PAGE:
Balta: insurance market grows more rapidly than the economy

«The number of insurance association owners is reducing, which could mean a smaller number of insurance companies in the future. One positive development for the insurance market is that it grows more rapidly than the economy,» Balta chairman of the board Bogdans Bencaks told BNN in an interview.

What are some of the most notable recent events in your sector?

The main thing to happen most recently is the consolidation process of market participants – the number of insurance association owners declines, which could mean fewer insurance companies in the future. Market consolidation process will improve the industry’s stability and allow insurers invest even more money in new solutions and customer service improvements.

Can you say economic conditions are improving and there is a lot of potential for economic growth in the market?

One positive characteristic of the insurance market – it grows more rapidly than the economy in spite of slower GDP growth. Last year, insurance market’s growth reached 6%.

Nevertheless, it is important to emphasize that growth of the insurance market is not a trend unique to 2016 – growth was also noticed in previous years, and we expect next year’s growth to be even higher. The main reason for this growth is that society values the importance of insurance and its offered financial stability.

How would you describe the government’s economy policy aimed at improving the economic situation in the country?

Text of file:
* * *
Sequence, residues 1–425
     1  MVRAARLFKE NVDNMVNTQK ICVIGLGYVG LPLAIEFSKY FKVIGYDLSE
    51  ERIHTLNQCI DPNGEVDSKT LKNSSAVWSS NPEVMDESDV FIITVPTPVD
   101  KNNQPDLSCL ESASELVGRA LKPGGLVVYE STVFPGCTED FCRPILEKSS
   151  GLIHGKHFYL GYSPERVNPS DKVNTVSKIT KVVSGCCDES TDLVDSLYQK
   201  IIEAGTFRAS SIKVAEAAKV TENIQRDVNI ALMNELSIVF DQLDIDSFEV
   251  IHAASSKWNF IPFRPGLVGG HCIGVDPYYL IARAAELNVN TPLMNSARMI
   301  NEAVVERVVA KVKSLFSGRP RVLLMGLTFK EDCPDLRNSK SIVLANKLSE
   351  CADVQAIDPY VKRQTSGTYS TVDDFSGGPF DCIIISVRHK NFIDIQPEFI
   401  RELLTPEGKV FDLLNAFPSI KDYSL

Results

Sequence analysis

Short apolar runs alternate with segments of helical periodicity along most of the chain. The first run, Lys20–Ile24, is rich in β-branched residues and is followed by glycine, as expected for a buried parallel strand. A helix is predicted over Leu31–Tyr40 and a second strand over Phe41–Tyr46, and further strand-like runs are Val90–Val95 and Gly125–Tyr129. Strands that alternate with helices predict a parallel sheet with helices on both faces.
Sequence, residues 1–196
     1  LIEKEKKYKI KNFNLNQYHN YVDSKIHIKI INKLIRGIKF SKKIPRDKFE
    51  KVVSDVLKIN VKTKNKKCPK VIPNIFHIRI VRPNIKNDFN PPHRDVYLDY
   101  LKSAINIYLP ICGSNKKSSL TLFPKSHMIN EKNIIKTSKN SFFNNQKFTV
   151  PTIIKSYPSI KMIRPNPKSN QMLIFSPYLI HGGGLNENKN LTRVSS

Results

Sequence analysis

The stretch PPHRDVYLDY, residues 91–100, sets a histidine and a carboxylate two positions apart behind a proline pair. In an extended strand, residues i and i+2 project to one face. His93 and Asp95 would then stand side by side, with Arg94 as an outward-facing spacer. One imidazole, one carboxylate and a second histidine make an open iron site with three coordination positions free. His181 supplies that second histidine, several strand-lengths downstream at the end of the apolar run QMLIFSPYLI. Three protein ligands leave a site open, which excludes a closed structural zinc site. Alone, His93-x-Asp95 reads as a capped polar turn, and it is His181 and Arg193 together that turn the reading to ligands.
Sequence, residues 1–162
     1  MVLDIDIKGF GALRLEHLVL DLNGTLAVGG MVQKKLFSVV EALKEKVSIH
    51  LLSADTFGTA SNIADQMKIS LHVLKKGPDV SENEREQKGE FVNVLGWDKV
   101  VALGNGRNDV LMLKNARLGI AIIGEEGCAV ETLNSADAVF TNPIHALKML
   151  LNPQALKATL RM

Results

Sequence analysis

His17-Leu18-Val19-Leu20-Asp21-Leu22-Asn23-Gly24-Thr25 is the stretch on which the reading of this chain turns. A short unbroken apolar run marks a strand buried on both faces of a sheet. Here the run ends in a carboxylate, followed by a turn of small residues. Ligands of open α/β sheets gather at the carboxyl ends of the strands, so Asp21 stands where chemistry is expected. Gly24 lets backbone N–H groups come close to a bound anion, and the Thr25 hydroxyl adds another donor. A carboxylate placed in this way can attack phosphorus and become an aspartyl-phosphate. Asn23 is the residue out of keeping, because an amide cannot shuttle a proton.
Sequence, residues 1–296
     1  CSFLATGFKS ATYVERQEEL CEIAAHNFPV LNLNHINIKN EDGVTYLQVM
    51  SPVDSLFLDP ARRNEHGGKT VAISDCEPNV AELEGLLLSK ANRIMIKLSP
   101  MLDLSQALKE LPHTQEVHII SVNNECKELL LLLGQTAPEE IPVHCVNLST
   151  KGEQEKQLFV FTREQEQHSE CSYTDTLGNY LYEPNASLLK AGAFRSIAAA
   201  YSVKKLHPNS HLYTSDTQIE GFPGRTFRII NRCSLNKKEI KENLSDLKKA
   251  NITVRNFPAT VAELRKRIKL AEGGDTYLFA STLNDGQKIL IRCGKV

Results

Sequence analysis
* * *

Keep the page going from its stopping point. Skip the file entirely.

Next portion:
Insurance is a very specific field – no one views insurance as a first necessity service. Why not? Because insurance offers a sense of security, which cannot be measured by conventional methods; at least not until something happens that turns life upside down. This is why increasing public awareness is paramount – the majority of people are aware what OCTA, KASKO and property insurance is. Awareness of other insurance services, on the other hand, is significantly lower. Raising awareness requires time and patience. Generally the trends are positive – a look at 2016 shows that the number of new clients will likely increase.

The biggest challenges on the government level include efforts to combat grey economy, measures to resolve demographic problems and plans for effective use of EU funds.

How is the industry affected by Latvia’s policy? What changes to legislation would you like to see? What helps? What makes things more complicated?

Balta is a member of Latvian Insurers Association, Latvian Automobile Insurers Bureau and the Foreign Investors Council in Latvia. We are represented and involved in policy-making processes associated with the field of insurance. We have the opportunity to express our opinion – this is the main aspect in relation to support. Last year, Balta successfully introduced the new Insolvency II regime, which represents a single standard for all insurers in the European Union.

How would you describe the industry’s position in the Baltics? What about competition with Estonia and Lithuania?